Institution's reviews proactive, educational, and boost compliance

Catch PIs before they make mistakes

The University of Pittsburgh in Pittsburgh, PA, has developed a thorough, review process that serves as an educational opportunity, as well as a way to prevent clinical research problems.

Here's how it works:

Schedule initial visit: The initial visit often occurs before the trial site has enrolled subjects, although some occur later in the study cycle, says Cindy Kern, RN, CCRC, CIP, education and compliance coordinator and assistant director for the office of investigator-sponsored IND/IDE support at the University of Pittsburgh.

"If there are subjects enrolled we may be at the site for six to eight hours, depending on the nature of the study," Kern says. "If there are no subjects, we're generally out in two hours."

Time reviews to enhance teaching moments: "In the past we would go out after a study had been ongoing for a couple of years," Kern says. "Now we try to meet with them soon after the IRB approval, if possible, and prior to subject enrollment."

Called RISE for Research Investigator Start-up Education, this process is proactive, preventing problems, and it's educational for clinical research investigators and coordinators.

Reviewers help investigators assess whether they have all necessary data in place. Also, it makes it less crucial to conduct a post-enrollment review.

"We may go back six months, eight months, maybe a year later to see if they've put everything in place," Kern says. "But most times we don't go back unless an issue arises."

In the four years since starting RISE, the organization has seen positive outcomes: "The investigators we've gone back to assess have actually implemented a lot of things we've suggested, and their records are in very good shape," Kern says.

The support office surveys researchers anonymously four times a year, and about 75% have returned positive comments, she adds.

Assess trial site compliance: "Generally, we can tell by the tone with which we're received when we have an interview," Kern says.

"I can honestly say that almost all the folks with whom we've met have been very receptive and appreciative of the tools we've provided," she adds. "A few won't feel they need any assistance, but that's generally the exception."

What to leave in, what to leave out

One area that has shown improvement involves inclusion/exclusion criteria.

"We try to stress with folks that not only do they need to address the presence of inclusion criteria, but the absence of exclusion criteria," Kern explains.

"An example is a person with poor kidney function," she says. "We need to see documentation that the kidney function was assessed, and the subject does indeed have appropriate kidney function to participate in the study."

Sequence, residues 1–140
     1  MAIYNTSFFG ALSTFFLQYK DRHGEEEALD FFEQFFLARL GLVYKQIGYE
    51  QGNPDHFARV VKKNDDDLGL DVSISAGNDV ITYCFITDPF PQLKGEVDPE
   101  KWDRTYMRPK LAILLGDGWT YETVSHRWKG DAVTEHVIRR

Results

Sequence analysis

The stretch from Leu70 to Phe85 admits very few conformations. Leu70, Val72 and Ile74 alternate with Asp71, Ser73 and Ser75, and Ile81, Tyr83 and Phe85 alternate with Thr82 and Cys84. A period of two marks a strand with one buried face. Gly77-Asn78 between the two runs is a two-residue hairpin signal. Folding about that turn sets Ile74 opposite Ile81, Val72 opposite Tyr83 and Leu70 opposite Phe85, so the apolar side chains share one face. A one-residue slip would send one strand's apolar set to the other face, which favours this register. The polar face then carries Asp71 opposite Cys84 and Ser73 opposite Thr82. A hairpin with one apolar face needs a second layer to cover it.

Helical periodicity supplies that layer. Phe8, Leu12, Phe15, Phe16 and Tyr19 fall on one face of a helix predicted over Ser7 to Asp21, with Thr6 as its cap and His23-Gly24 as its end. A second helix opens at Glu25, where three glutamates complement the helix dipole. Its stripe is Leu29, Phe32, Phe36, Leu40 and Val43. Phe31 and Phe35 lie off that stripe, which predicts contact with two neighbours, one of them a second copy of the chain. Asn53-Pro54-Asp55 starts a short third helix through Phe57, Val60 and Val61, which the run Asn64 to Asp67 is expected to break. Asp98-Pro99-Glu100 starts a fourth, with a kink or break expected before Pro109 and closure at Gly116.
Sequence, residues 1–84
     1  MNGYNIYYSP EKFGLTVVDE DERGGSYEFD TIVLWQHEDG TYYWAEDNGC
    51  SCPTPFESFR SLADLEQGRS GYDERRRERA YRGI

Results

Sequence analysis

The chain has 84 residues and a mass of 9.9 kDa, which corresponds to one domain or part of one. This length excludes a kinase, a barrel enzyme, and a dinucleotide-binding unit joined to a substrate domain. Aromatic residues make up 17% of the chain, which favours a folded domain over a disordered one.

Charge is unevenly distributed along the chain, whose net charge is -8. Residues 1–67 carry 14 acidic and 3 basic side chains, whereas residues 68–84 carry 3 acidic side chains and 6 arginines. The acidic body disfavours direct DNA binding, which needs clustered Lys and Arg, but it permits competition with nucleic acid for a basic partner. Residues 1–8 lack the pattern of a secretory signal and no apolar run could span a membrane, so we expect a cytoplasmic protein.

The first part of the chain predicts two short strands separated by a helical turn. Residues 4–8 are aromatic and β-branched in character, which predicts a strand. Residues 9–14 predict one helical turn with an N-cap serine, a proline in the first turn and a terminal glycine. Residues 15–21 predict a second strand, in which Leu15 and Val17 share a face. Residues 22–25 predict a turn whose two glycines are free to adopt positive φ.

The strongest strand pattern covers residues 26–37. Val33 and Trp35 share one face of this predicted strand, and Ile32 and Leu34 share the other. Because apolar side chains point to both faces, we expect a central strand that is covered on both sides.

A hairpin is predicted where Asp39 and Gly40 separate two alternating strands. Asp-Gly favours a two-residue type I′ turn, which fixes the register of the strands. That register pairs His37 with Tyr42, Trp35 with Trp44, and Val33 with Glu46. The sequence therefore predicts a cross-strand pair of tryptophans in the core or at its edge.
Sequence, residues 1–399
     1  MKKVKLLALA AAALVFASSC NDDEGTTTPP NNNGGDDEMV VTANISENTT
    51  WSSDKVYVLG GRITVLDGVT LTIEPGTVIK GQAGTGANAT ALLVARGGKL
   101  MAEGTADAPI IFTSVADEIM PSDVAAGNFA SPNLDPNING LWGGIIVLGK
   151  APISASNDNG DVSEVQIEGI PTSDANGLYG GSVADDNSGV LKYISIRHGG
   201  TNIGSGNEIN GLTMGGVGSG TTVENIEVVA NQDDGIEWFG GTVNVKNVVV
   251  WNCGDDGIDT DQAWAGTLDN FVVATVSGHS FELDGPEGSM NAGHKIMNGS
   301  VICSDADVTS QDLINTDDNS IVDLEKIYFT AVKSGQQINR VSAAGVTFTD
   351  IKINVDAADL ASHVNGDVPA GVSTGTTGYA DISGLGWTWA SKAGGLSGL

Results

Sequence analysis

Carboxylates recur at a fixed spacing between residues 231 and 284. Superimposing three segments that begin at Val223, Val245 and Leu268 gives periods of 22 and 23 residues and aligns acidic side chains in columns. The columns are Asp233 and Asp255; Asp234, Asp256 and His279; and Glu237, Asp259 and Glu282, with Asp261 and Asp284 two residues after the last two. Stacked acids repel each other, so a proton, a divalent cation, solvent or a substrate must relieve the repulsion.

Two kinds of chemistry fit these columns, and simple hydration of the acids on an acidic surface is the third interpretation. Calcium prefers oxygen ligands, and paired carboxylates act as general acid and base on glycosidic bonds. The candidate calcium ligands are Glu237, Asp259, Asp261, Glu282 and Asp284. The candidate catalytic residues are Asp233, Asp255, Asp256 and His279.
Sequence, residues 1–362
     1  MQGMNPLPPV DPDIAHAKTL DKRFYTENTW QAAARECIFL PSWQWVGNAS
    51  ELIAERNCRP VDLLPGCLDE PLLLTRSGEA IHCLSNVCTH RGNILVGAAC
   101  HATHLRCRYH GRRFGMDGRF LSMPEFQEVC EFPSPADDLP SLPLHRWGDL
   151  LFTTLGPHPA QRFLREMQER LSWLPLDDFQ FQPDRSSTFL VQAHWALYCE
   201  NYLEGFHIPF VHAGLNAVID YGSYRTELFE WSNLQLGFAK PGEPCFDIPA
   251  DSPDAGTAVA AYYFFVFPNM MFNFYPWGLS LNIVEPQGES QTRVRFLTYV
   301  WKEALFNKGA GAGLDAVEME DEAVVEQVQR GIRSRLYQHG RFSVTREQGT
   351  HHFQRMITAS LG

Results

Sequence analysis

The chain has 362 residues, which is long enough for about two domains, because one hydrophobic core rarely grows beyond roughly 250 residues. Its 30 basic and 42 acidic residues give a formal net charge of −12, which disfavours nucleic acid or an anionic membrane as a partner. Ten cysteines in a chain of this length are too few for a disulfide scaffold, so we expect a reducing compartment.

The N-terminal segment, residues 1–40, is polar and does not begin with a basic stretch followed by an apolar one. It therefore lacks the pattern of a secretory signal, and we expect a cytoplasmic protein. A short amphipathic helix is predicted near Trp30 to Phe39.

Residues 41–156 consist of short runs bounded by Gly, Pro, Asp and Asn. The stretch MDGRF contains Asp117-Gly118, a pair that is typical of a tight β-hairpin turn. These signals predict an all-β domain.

In another example, if a study participant has to use an approved method of birth control, reviewers want to see what kind of birth control is being used and whether the participant is willing to use that method of birth control throughout the trial."

"We tell them they need to show the details and not just check a box saying they're using birth control," Kern says. "We're seeing improvement in that area."

Review safety assessment plan: "When we go in to meet with investigators we want to assess how they are making sure they're following the protocol with a minimal amount of risk for subjects," Kern says. "We want to know who is doing this assessment and how they are assessing safety on an ongoing basis."

For instance, is a site following a data safety and monitoring (DSM) plan?

Some investigators will write in their protocols that they plan to follow a DSM plan, but then they do not follow through with actually creating one, she notes.

"We say, 'We want you to describe what you're willing to do to assess ongoing patient safety, and be realistic,'" Kern says. "Once we have them thinking about this process we might find they have a good approach, but have to give it more thought and document it when they're done."

Suggest study modifications when needed: Sometimes a study needs to be modified because of issues that arise, and the support office will make this recommendation as needed.

For example, there might be a study in which adverse events are occurring at a greater-than-expected frequency, Kern says.

The support office will suggest the investigator assess all factors that might influence adverse events. If the assessment reveals the study is not causing too many problems other than occurring at a greater frequency than anticipated, then the investigator will need to inform subjects and modify the informed consent document, Kern says.

"So the investigator would have to change the protocol and consent document to reflect the greater occurrence," she adds. "Then we also tell them they will have to come up with a modified consent to provide to participants who already are enrolled in the study, reflecting the new finding."